What can we learn from some cautionary tales from recent news stories about nonprofits?
Headline 1: “Donors Demand Return of Historic $100 Million University Donation.” (Fortunately, for the university’s sake, “only” $22.9 million has actually been received.) But before you start chuckling about how you are unlikely to ever be so lucky as to receive a $23 million gift, let alone a $100 million gift, stop. The lesson of this headline isn’t in the amount that the donors want back but in the university’s (perceived) failure to satisfy the donors. Twin brothers Thomas and Timothy Pearson gave the revered University of Chicago $100 million to establish the Pearson Institute to conduct research on conflict-resolution. That was in 2015. Now, the Pearsons want their money back as they are unhappy with the caliber of people the university has hired, believe some of their money is being misspent and are upset because they weren’t invited to all of the 24 events the Institute hosted. The university contends that the staff, faculty and students involved with the institute are all “remarkable” and doing “important and meaningful work.” As is always true, perception is reality and when it comes to donors, perception is, more often than not, what matters. When accepting money, we must be as clear and precise as possible as to what a donor will get in exchange. Judging the caliber of an employee is neither clear nor precise. Is paying a “hosting fee” to an academic division that is hosting a funded program an appropriate use of donated funds to establish the program? While we can never know in advance what may become stumbling blocks down the road, we can and should make our asks—be they for big or small dollars—as specific and clearly measurable as possible.
Headline 2: “Lack of Succession Planning Leads to Nonprofit Center’s Predictable End.” If that headline doesn’t make every nonprofit board member run to create a succession plan—regardless of how recently hired the current executive director is—nothing will! The 22-year old, well respected, independent New Hampshire Center for Public Policy Studies is no more, dead as a result of a failure to have a succession plan. The organization has been leaderless since August 2017 when its long-time head left, and it had never replaced its leading economist when he died several years ago. No leader, no show of bench strength, no plan for moving forward. How do you keep those donors you did have, or try to attract new donors, to what clearly appears to be rudderless ship? In our current times of an ever increasing competitive landscape for diminishing dollars, who would want to give to an organizations that is hanging out the signs of its own demise?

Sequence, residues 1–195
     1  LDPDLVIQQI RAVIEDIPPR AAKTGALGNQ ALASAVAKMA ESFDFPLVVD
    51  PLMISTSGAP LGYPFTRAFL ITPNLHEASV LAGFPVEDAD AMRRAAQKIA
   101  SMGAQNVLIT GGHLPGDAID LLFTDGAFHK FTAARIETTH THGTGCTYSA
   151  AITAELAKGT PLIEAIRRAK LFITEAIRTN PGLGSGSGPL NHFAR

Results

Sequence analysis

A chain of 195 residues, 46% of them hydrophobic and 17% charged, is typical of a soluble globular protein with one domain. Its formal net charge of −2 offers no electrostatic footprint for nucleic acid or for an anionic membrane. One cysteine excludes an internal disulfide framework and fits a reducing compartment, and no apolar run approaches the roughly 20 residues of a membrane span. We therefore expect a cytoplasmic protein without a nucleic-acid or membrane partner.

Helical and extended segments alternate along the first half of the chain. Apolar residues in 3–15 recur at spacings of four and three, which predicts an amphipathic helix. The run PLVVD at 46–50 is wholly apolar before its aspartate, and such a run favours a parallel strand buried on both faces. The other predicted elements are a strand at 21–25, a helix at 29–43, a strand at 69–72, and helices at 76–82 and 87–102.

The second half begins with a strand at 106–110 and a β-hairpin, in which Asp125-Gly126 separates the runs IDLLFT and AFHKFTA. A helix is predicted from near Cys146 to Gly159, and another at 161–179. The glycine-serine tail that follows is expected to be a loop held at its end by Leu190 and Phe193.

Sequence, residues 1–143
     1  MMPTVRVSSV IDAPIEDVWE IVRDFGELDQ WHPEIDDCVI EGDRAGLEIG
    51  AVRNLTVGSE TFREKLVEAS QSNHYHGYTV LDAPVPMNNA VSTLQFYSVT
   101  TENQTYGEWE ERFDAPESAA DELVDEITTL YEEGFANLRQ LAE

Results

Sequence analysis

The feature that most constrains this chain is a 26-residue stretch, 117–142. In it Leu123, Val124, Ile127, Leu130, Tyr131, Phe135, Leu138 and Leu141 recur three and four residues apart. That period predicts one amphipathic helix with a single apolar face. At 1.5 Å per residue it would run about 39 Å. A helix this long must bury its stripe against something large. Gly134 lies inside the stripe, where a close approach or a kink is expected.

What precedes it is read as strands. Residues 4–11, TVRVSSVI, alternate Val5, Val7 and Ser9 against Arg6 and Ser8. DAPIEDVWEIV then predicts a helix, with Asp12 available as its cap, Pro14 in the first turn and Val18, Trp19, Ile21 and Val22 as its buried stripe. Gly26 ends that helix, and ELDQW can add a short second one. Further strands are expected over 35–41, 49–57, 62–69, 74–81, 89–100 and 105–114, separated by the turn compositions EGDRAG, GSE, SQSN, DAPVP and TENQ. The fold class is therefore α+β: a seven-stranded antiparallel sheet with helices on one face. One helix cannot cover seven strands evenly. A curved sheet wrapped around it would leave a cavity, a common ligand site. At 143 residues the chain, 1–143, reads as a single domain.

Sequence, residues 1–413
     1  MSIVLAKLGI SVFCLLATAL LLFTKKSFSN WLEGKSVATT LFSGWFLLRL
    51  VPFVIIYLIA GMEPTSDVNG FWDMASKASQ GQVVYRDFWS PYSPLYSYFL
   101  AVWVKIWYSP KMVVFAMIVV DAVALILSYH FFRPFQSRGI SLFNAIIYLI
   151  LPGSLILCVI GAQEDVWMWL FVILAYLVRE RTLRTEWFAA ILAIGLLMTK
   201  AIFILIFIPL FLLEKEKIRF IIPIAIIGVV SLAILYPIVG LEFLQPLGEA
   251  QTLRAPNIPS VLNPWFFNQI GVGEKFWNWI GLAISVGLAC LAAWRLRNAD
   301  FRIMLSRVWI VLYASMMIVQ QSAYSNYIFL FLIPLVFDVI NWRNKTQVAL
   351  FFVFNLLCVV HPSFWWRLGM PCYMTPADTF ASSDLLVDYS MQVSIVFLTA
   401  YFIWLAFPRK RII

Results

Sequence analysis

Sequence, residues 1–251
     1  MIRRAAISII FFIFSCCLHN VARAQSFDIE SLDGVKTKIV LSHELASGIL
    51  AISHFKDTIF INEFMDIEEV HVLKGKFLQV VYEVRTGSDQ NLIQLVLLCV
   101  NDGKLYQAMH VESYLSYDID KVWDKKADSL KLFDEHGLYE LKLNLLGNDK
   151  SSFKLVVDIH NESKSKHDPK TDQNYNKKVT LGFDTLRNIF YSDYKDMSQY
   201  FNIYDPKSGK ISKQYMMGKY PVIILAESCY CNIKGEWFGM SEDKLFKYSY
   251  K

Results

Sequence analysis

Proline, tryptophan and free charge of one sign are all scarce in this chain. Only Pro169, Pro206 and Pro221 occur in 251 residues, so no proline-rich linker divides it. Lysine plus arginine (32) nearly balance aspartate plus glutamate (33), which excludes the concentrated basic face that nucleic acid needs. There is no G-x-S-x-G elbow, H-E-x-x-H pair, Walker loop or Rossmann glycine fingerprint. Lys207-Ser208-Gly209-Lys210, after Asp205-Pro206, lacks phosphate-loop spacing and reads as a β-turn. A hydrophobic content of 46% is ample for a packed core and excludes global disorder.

Headline 3: “Kevin Spacey Foundation to Fold Today.” If ever there was a ready-made lesson needed about the power of the bedfellows you keep, this is it. The Kevin Spacey Foundation, a British organization that supported youth in the performing arts, had disassociated itself from the actor as soon as allegations of his sexual misconduct became known. But, it would seem, the damage had been done and the board of trustees of the Foundation determined that the organization was no longer sustainable. On February 27, it announced that its doors would close the next day. Obviously, it is hard when someone’s name is part of a nonprofit’s name to not be tainted by the tainting of the namesake. But had the foundation listened to the rumors, been proactive, gotten out ahead of the story, might the outcome have been different? We should never be so quick to accept money that we don’t take the time to know the full backstory of those with whom we are joining forces. If it weren’t believed before now, it is certainly known now: even seemingly good, decent people do bad things of which a nonprofit wants no part.
Headline 4: “Social Enterprise Meets Nonprofit Social Services: Caution Advised.” Anchorage Community Mental Health Services is an approximate $20 million nonprofit that started a hydroponic farm, receiving a grant from the Alaska Mental Health Trust Authority to fund the approximate $3 million to renovate a building, hire staff and start the planting. It is hard to know when Seeds of Change actually started, but early in 2017 it claimed it would be self-sustaining by the end of that year. Self-sustaining but not throwing off any income to its parent organization that had two years of declining surpluses before it ran a $5 million deficit in 2015, the last year for which a 990 is publicly available. Should a nonprofit that is experiencing (at least) three years of declining financial health be awarded a multimillion dollar grant? Should the board of a nonprofit that is experiencing declining financial health agree to start a very expensive social enterprise with no clear timeline of when that social enterprise would be able to start providing it with unrestricted dollars? There is no question that nonprofits wanting social enterprises is a hot button. But as with all hot things, they are not for every nonprofit. Care, deep consideration and extensive planning, must be given before launching a social enterprise, not the least of which is how long it will take to recoup startup costs (should that be necessary) and when the social enterprise will begin generating enough—and how much—profit to provide unrestricted dollars to the host nonprofit.